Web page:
Whistler Blackcomb Introduces RFID Access

RFID ticket scanning arrives at Whistler Blackcomb resort

“Welcome to a new age!” That’s how Whistler Blackcomb is prefacing the news around its introduction of RFID (Radio Frequency Identification) access to the resort for the 2014-2015 season.

All guests who visit Whistler Blackcomb during the 2014.15 Winter Season will receive a new RFID Access Card.

According to the published information, all Season Passes, EDGE Cards and Lift Tickets will include the new RFID chip starting this season. The upgrade is part of an overall $12-million investment in the resort. $6-million has already been spent on upgrading the cabins on the Whistler Village Gondola.

However, the new cards come with some ‘instructions’ which may make some people wary. For example, you must keep the card on the left side of your body, as that’s the side the scanners are located. You should also keep the new cards away from your cell phone or any aluminum, as it may interfere with the RFID chip. And that’s not all – Whistler Blackcomb also recommends not ‘hole punching’ your card as this could damage the antenna.

Whistler Mountain Bike Park riders already enjoying RFID access

The new RFID scanners have already been installed at the base of all lifts on both Whistler and Blackcomb mountains. Whistler Mountain Bike Park riders have been able to use the new cards since September 9th, 2014 via the Fitzsimmons Chair and at the Whistler Village Gondola. We think this will be a big plus. Fighting the pockets on your TLD shorts to find your pass can be a tricky task, often involving removing your gloves or getting a few jeers from your buddies.

Watch Whistler Blackcomb’s short video explaining how RFID access will work at the resort:

RFID Access – New for Winter 2014.15 from Whistler Blackcomb on Vimeo.

Whistler Blackcomb is encouraging Season Pass and EDGE Card holders to pick up the new RFID cards, free of charge, at Guest Services between 9am and 5pm.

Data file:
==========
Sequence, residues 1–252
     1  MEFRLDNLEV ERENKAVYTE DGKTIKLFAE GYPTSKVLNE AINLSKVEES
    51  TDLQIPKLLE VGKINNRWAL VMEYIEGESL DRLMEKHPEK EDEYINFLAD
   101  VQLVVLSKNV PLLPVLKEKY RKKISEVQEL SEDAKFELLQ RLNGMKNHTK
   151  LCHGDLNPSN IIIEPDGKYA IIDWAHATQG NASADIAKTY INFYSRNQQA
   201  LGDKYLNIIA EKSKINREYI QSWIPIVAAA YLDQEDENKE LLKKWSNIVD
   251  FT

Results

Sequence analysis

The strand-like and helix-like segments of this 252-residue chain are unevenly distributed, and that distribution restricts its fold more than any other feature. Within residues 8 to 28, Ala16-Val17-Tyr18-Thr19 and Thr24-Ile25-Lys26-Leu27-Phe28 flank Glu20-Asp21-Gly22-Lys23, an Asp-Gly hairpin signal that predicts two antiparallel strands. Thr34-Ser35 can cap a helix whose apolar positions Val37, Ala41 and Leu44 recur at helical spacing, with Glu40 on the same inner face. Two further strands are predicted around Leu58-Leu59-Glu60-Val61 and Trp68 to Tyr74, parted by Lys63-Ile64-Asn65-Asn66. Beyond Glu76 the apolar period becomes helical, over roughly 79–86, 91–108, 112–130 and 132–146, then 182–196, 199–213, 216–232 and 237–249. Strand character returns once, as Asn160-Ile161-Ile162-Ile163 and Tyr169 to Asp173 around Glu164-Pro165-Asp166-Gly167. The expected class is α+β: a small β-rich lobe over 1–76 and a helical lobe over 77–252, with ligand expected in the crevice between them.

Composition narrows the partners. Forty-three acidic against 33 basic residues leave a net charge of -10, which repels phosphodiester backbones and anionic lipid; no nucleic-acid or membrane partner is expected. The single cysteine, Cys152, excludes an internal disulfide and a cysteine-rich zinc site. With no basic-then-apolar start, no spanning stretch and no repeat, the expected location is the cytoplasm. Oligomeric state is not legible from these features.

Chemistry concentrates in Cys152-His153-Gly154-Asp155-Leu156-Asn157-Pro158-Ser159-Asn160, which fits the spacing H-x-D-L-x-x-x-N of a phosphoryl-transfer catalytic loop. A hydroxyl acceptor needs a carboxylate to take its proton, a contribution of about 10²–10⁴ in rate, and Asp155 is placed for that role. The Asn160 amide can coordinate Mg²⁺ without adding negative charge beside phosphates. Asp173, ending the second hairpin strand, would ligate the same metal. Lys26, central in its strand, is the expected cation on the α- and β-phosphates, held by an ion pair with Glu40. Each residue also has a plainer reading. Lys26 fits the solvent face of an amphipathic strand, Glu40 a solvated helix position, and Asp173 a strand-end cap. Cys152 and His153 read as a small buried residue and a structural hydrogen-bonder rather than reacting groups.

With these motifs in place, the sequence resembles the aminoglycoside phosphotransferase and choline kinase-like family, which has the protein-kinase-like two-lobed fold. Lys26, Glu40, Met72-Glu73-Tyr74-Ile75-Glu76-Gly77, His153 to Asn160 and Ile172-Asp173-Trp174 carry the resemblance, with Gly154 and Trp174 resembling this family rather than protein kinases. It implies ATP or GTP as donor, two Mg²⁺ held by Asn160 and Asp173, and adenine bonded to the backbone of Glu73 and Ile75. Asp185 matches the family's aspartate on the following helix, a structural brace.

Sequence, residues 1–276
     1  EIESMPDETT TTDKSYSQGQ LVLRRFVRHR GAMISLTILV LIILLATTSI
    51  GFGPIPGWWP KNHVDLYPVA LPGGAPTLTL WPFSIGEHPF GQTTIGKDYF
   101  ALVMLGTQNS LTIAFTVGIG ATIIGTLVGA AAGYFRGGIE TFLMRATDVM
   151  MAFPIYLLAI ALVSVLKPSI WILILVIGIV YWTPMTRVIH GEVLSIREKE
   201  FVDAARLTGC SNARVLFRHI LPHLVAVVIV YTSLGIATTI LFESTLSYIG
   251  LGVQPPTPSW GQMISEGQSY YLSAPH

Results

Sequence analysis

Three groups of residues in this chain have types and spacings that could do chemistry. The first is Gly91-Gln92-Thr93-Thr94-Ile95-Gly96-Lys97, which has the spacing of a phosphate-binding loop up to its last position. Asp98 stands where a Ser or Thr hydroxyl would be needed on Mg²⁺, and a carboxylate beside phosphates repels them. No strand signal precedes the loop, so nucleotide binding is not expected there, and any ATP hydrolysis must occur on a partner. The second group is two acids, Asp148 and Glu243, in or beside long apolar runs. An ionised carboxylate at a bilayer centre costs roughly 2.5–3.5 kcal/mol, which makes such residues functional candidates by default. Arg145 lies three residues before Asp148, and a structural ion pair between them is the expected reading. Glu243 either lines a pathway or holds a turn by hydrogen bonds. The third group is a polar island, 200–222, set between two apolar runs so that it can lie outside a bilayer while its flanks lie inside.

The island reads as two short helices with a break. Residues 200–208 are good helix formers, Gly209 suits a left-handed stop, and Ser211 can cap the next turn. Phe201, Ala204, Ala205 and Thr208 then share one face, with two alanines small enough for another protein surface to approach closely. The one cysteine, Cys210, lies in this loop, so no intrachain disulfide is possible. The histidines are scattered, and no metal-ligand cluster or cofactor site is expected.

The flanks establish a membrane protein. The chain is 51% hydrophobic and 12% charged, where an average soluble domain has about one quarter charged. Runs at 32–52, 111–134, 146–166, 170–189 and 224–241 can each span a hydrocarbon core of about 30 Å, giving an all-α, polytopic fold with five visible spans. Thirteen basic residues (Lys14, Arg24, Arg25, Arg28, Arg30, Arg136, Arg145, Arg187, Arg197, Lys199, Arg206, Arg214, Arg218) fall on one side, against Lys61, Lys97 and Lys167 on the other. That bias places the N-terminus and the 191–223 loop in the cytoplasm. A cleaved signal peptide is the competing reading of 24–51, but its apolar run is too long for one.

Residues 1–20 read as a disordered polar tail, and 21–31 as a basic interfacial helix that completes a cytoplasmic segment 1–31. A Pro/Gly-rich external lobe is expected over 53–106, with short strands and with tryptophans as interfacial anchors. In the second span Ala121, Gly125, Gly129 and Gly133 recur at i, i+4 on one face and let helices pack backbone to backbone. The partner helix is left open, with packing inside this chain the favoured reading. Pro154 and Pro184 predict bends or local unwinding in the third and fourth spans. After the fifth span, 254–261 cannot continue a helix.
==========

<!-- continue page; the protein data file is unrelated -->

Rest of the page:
More information, including an FAQ section, can be found in the Tickets & Passes section on the Whistler Blackcomb website.

Insider Part Four: The Whistler Season Pass

Editor’s note: This is the fourth, and last, in a series of ‘Insider’ posts by our contributor Ed White

Grabbing your pass for the Winter season

It’s all up there waiting to be enjoyed … endless days searching for powder, lapping the parks or cruising down your favourite run. But it comes at a price. There are a few options to set yourself up with your season pass, depending on what you expect from your Winter season in Whistler. We outline what’s on offer so you can make the best decision for your needs and budget.

The Unlimited Adult Pass

For the 2013/14 winter season, an unlimited adult lift pass, including tax, was just over $2,000. Whoever you are, that is a colossal amount of money. Not many seasonaires end up paying the full price for a season pass, but just in case any of the options below don’t work out, be prepared to fork out if you want to enjoy unlimited snow days on the mountains.

The Spirit Pass

As detailed in Insider Part Two, if you get a job working for Whistler Blackcomb (i.e. ‘the mountain’), you will get your pass for free. If you work elsewhere, you may be eligible for a Spirit Pass, which for the 2013/14 winter season cost $1,330 plus tax – plus a $30 admin fee – and requires you to satisfy certain conditions. Be sure to check out whether your prospective employer is one of the participating businesses, and whether you meet all the other eligibility criteria by clicking on the links below. Be warned, however, that your pass will be deactivated should you lose/quit your job.

Understandably, getting on the hill is the number one priority for many seasonaires coming to Whistler. If you have the cash, you can buy a full-price pass when you arrive, and get the difference (full price less Sprit Pass cost) reimbursed once you secure work with a qualifying employer.

More information about the Spirit Program is available on the Whistler Chamber website.

The Early Bird Pass